By John Suayan | The Center Square
Since the COVID-19 pandemic began, hospitals throughout New Hampshire have had to adjust operations and procedures in order to prioritize patients stricken with the coronavirus and maintain the health and safety of front line workers.
Almost six months into the outbreak, New Hampshire hospitals have hemorrhaged millions. Kathy Bizarro-Thunberg, the executive vice president of the New Hampshire Hospital Association, told the Concord Monitor that a combined $575 million in revenue was lost between March and July.
The shortfall could be attributed to Granite State hospitals eschewing profitable services like elective surgeries and cardiac care. Though more non-coronavirus patients are returning for appointments, hospitals are still expected to lose $700 million by the end of 2020.
The Monitor reported that $300 million of federal CARES Act funding went toward the state’s hospitals. At a roundtable discussion with U.S. Sen. Maggie Hassan, Bizarro-Thunberg divulged that hospitals would still need more federal assistance.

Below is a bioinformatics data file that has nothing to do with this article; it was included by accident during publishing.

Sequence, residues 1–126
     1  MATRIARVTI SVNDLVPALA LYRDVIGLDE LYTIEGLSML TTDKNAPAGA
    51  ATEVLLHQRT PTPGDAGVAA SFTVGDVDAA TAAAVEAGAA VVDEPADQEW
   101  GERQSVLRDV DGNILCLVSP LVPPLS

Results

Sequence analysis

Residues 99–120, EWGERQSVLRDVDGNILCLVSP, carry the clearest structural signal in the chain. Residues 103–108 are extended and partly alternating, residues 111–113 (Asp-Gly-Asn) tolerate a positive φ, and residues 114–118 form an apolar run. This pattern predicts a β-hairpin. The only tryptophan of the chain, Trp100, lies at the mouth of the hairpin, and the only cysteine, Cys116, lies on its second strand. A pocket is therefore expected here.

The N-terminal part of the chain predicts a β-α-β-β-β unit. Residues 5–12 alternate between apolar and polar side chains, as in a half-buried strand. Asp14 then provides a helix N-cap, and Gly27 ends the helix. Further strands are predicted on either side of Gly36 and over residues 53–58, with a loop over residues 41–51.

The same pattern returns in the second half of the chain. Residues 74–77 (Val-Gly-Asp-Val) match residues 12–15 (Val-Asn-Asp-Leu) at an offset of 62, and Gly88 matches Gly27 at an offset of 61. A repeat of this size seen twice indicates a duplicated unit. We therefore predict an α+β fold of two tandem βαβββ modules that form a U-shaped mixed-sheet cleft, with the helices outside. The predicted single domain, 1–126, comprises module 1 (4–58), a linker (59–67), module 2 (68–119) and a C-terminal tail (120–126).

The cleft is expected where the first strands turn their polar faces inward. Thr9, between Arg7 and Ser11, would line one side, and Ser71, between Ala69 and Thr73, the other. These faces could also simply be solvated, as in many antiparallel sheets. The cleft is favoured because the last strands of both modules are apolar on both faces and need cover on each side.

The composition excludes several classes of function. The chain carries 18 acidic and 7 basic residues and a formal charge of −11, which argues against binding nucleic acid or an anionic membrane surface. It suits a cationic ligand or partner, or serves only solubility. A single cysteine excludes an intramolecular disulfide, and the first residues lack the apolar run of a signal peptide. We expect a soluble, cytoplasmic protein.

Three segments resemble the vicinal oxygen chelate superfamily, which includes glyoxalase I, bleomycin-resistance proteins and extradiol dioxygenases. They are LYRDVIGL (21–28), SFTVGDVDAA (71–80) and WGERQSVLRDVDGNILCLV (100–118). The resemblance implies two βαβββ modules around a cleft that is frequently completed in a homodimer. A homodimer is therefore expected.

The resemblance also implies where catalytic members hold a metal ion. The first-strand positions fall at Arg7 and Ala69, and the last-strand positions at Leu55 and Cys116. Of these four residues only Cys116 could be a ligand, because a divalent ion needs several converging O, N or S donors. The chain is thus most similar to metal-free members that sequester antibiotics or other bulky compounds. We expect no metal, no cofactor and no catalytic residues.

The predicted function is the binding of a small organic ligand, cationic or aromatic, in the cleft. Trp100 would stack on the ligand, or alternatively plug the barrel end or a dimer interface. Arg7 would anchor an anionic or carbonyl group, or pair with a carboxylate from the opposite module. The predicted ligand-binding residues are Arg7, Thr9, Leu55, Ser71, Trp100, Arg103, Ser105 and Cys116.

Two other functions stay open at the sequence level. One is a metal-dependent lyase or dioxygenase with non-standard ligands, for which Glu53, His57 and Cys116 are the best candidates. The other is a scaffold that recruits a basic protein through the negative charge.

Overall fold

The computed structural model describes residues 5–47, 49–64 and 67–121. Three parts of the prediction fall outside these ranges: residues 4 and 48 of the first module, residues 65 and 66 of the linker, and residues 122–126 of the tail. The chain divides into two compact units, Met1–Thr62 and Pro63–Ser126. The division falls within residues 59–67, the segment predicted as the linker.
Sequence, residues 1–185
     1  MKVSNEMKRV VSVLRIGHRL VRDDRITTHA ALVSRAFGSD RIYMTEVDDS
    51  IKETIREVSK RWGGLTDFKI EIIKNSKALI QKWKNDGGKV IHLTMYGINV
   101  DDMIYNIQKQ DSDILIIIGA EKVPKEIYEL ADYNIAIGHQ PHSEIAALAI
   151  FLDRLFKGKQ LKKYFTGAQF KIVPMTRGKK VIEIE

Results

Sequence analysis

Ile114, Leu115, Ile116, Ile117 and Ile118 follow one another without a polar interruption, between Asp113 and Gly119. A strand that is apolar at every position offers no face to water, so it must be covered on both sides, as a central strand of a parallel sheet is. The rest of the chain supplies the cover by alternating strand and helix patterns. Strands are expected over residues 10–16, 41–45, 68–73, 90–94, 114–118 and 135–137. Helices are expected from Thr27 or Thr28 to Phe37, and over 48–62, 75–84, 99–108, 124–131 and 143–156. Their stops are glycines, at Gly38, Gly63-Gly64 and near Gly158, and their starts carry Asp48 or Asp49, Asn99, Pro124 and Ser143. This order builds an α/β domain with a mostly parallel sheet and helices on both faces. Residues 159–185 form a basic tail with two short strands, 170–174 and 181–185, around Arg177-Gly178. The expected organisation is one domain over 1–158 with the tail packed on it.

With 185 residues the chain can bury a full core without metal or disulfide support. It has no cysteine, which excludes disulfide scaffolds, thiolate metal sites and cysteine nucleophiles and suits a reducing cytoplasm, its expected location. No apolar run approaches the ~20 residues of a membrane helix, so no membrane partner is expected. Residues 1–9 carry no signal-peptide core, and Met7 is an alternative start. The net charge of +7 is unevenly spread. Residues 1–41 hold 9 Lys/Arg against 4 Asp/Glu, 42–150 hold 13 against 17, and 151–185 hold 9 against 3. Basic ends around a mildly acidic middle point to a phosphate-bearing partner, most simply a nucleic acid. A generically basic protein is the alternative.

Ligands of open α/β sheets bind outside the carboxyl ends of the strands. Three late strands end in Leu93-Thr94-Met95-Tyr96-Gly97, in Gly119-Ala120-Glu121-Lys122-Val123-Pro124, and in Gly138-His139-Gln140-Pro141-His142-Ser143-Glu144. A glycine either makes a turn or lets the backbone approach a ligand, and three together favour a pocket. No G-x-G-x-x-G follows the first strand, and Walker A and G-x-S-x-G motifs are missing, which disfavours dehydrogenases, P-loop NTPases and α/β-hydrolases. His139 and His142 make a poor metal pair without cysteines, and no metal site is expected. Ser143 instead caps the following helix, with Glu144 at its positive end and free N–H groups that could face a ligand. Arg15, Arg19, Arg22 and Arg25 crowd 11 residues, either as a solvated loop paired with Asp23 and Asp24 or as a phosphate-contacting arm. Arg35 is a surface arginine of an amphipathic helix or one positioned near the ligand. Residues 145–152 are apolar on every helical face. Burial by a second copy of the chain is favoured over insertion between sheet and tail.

The CARES allocation was conducted in two phases: the first phase saw money given to hospitals at the center of the state’s coronavirus hot spots, while rural hospitals received funding during the second phase.
Catholic Medical Center in Manchester is one of the hospitals projected to slide deeper in the red, even with CARES money. CMC chief operating officer Alex Walker said his hospital, which was not awarded funding in any of the phases, will lose $40 million by the end of next month.
“COVID has had a devastating effect on our finances,” Walker told the Monitor. “It’s had an impact on hospitals in New Hampshire, but for us in particular, we’ve been at ground zero.”